Journal of Human Development, vol. 6, issue 2 (2005) pp. 167-183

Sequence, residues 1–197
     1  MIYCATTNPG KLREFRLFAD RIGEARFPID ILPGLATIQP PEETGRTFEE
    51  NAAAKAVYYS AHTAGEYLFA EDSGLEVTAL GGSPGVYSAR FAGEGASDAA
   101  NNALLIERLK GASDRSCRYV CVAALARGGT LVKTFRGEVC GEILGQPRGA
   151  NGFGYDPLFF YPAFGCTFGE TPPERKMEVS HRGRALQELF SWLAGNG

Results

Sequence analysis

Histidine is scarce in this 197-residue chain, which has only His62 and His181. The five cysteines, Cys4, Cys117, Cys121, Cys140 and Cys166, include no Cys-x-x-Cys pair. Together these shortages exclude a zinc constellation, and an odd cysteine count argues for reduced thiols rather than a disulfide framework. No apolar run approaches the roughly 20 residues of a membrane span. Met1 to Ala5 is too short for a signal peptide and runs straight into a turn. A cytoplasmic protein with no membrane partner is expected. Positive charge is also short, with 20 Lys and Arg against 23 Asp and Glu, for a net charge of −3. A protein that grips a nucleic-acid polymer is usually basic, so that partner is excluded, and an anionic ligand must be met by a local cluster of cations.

Violence against women is a global problem of great magnitude. After laying out some sample data on violence against women, I argue that this violence, and its ongoing threat, interferes with every major capability in a woman’s life. Next, I argue that it is the capabilities approach we need, if we are to describe the damage done by such violence in the most perspicuous way and make the most helpful recommendations for dealing with it. But the capabilities approach will be helpful in this area only if it develops effective arguments against cultural relativism and in favor of a context-sensitive universalism, and only if it is willing to make some claims, albeit humble and revisable, about which capabilities are most deserving of state protection, as fundamental entitlements of all citizens. Finally, I sketch some possible implications of the capability approach for public policy in this area.
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